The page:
The concept of a positive mental attitude (PMA) has existed for almost 100 years, and is centred chiefly around the notion that thinking positive thoughts can have a subsequently positive effect on your wellbeing.

It was first introduced in 1937 by Napoleon Hill in his book ‘Think and Grow Rich’ and – although the exact phrase is never actually used in the book – it has come to mean a state of mind that can filter through a person’s life and affect not only their own actions, but those of the people around them.

The theory is that everyone’s brain has two sides which each control the way we think, with one being the positive side and the other being negative, and both being in conflict when it comes to how they affect our overall mood and thinking.

According to Hill, it is possible to control these invisible talismans and use them to our advantage, effectively harnessing our mind to help shape our approach to each day and, ultimately, impact our life and wellbeing.

Strategies for a PMA

Be realistic – those who think that adopting a positive mental attitude will immediately result in a new job, house, car and riches beyond their wildest dreams are likely to be disappointed! Instead, a PMA must be used as a catalyst to take action and embark upon the route to happiness, whether that be in the form of material items or intangibles, such as love.

Focus on the now – there is an old saying that you should not try to run before you can walk, and this same principle applies to adopting a PMA. Only by ensuring that what you are doing now is correct can you put the necessary plans in motion to help achieve a positive state of mind in the future and help reach where you are aiming to go.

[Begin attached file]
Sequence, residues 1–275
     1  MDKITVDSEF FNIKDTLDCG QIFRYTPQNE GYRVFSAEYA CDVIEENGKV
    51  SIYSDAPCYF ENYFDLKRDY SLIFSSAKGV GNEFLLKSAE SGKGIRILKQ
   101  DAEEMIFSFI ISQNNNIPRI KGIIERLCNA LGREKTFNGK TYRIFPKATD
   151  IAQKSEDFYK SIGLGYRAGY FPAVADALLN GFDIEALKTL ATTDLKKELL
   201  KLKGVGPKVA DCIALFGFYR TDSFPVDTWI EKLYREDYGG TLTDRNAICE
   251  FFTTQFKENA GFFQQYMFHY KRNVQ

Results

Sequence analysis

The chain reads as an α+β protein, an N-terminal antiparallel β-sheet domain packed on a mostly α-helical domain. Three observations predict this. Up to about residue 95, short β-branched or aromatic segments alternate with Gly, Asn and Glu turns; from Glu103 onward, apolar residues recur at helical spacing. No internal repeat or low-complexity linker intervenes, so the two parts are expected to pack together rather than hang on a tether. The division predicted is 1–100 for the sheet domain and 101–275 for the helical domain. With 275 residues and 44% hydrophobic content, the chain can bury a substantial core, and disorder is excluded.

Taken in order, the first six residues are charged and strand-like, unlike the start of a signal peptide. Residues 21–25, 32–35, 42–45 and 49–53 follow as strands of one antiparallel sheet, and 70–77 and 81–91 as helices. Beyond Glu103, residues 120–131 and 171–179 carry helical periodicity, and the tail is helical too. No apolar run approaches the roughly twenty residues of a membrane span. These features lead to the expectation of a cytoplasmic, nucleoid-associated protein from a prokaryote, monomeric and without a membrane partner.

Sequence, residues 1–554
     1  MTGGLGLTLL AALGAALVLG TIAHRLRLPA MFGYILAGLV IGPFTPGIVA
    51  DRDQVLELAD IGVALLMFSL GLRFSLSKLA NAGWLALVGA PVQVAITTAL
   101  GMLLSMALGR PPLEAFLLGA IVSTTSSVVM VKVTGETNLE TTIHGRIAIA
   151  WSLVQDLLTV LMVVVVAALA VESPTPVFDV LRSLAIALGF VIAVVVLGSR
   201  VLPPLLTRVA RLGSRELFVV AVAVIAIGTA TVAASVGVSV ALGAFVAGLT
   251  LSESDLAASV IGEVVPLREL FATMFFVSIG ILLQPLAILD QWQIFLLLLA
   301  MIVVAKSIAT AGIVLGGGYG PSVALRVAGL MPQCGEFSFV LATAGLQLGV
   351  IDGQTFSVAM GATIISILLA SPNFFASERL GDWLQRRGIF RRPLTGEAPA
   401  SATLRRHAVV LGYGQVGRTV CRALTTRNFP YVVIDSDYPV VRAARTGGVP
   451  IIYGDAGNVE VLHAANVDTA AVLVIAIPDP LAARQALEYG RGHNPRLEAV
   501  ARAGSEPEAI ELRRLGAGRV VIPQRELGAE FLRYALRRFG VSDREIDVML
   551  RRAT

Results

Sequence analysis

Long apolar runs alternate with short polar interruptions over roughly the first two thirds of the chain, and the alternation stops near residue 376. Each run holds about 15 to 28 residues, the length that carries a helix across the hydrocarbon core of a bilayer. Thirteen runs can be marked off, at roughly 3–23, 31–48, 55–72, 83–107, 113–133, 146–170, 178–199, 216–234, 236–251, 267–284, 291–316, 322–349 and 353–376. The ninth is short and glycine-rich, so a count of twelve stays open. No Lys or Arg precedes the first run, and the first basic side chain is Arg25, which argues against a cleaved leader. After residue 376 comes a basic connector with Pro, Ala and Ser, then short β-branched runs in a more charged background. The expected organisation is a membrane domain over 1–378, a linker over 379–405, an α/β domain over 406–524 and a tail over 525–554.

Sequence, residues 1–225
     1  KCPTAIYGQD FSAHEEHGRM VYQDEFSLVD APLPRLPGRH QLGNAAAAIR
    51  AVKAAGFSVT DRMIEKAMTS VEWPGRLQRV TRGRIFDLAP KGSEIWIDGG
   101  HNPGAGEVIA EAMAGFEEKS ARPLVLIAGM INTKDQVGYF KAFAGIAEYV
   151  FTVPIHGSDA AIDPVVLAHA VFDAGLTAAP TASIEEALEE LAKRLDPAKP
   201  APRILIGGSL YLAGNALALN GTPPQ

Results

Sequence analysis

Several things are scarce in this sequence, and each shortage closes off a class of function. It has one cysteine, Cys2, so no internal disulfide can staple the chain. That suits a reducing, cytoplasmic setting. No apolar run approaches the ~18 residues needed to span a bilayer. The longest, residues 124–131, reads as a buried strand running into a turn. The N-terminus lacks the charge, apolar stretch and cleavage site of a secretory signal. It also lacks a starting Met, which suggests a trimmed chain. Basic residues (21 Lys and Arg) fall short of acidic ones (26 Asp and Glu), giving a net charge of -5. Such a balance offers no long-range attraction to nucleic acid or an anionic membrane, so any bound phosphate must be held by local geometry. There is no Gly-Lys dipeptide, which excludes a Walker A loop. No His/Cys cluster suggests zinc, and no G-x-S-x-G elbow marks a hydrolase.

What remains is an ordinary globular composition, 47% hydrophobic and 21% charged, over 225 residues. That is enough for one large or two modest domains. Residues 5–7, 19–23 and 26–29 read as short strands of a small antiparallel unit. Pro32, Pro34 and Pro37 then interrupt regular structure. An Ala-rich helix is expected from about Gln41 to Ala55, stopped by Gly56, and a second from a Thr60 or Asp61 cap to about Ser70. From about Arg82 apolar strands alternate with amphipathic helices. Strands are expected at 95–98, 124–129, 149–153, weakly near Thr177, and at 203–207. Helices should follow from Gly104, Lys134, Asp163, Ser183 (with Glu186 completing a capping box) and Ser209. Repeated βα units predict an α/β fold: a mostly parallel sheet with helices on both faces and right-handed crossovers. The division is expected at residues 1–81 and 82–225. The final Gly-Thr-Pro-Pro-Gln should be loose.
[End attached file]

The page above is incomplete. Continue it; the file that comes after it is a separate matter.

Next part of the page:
Language is the key – using positive language whenever you speak out loud or through text, email and social media ensures that positive thoughts are being let out into the real world, whether that be on a page, screen, or someone else hearing it. Unfortunately, some people only raise their voice when it is to complain, but by adopting the same approach to praising actions or activity and fostering positive debate, the opposite effect can be achieved.

Associate with likeminded people – to truly achieve a PMA, it can be extremely helpful to associate with people who have the same mindset. Being around these people enables you to share your own experiences and receive advice on how others were able to handle these situations. At the same time, you can share your own approach, which can in turn help boost their mental attitude. This can start a chain reaction that sees everyone’s social circles gradually infiltrated by positive thinking.

Learn to accept imperfection – things never go perfectly all the time, and the sooner that you accept this inevitability, the more readily you will accept things happening beyond your control. The key to PMA is being able to use negative situations as a source of strength and a learning experience, allowing you to use memories to your advantage in the future.

Contribute meaningfully – actions definitely speak louder than words, but sometimes actions can be pointless if they do not have a purpose. Positively contributing can range from helping those in need, to using your skills to further yourself. Not only can you draw satisfaction from this, but it is also helping people who need it, serving a dual purpose.

Don’t be afraid – fear manifests in many forms, all of which can have a paralysing effect on people and prevent them from doing things that could have a beneficial impact on their lives. Learning to overcome your fears is the first step on the road to freedom that a PMA can help to achieve. Only by focusing on your capabilities and how it can lead to the desired outcome, is it possible to make it a reality.

Continue learning – life is all about learning, and nobody is too old to add more strings to their bow. The same is true when it comes to PMA, with endless ways to boost your happiness that can be utilised every day to create an all-round positive mindset.

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